The rainy month of May has finally come to a close, which means it’s time for our digital PR roundup!

In this edition, we take a deep dive into a number of weirdly-flavoured things, we learn how to spot an old person, we discover important stats about social media and waistcoats, and we take a look at a campaign of our own.

5. Everything-Flavoured Everything (Everyone)

If I were asked to describe the state of digital PR in 2021 in a single headline, it would unquestionably be: “[So and so] launches [such and such]-flavoured [somethings]”.

These campaigns just keep working. The weirder the combination the better, and May brought us a few doozies. With that in mind, I couldn’t just pick one, so let’s explore a few of the best:

Savoury Sweets (National Express)

First, there’s National Express. Celebrating our return to travel, the coach company released their first-ever line of travel sweets, with a classic digital PR twist.

Described as a ‘tastebud tour of Britain’, the ‘Tastes of Normal’ sweets are inspired by favourite local dishes across the country, which include fish and chips, pork pie, Cornish pasty and curry.

Just what everyone wants from sweets.

Baby Candles (PoundToy)

There’s an age-old adage in digital PR that goes, ‘for every oddly flavoured snack, there’s an oddly scented candle”.

This was confirmed this month by online toy store PoundToy, who released the Newborn Baby Candle, a candle that smells like – you guessed it – a newborn baby.

Now, I’ll be honest, the only times I’ve ever noticed the scent of a baby were admittedly unpleasant, but I'm not quite the target audience for this one.

PoundToy explains that the candle is geared towards parents of... ex-babies, noting that with their new product, you can breathe in the scent of a newborn baby long after your bundle of joy is out of nappies’.

Ice Cream for Dogs (Ben & Jerry’s)

The third oddly-flavoured item on our roundup within a roundup comes from Ben & Jerry’s, although its level of weirdness depends on who’s eating it.

Much like crazy flavoured food, dogs are also an easy attention-grabber in digital PR, so Ben & Jerry’s combined the two by creating their Doggie Desserts line, a pair of ice creams made for pups!

Pontch’s Mix is made from peanut butter and pretzels while Rosie’s Batch has pumpkin and mini cookies, and both are made with a sunflower base instead of dairy.

Cocktail Sorbet (Häagen-Dazs)

Ben & Jerry’s weren’t the only ice cream legends playing with some new flavours this month.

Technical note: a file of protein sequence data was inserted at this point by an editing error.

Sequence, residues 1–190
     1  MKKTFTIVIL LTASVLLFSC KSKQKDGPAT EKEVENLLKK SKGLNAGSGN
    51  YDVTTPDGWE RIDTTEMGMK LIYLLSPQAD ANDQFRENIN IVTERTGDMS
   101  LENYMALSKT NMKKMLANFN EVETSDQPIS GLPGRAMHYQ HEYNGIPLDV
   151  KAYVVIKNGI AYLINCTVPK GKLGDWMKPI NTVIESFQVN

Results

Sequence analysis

As we settle into this glorious heatwave, Häagen-Dazs put out some fresh new flavours that are a little less weird and a little more genius. Is it digital PR or simply a new avenue of business? Sometimes, it can be both.

And many more…

It doesn’t end there. May also saw Pimm’s and Waitrose introduce Pimm’s ice lollies, Morrison’s making bubblegum gin, B&M going head-to-head with Häagen-Dazs with their own gin and tonic sorbet, a cheeseburger cheesecake from Pleesecakes, and a doughnut-muffin hybrid from Lotus Biscoff, among many many more.

So, the weird flavour thing does wonders in digital PR.

4. New Traits for Old People (Perspectus Global)

I’ve included this one because it was successful and it is somewhat insightful but I must say, those successful insights are somewhat alarming.

Perspectus Global surveyed 2000 Gen Z’ers in the UK, asking them what the surefire signs are that someone is old. ‘Asking teenagers to take a survey’ didn’t make the list, but that’s not the only surprising result.

According to the youth, the number one most telling sign that you are no longer young is… ordering a cappuccino. 52% of those surveyed agree. #CappuccinoIsOverParty

(I hope I used that hashtag correctly because 13% of Gen Z’ers say that using hashtags wrong is another sign of old age).

At 36%, the second biggest sign that you’ve aged is wearing underwear from M&S, followed by watching Countryfile for the weather forecast and asking for milk and two sugars in your tea, both at 30%. Still having a DVD collection takes fifth place at 29%.

Other signs in the top 25 include making noises when you sit down, not recognising any Love Island contestants, using gas BBQs, still being on Facebook, and wearing comfortable shoes.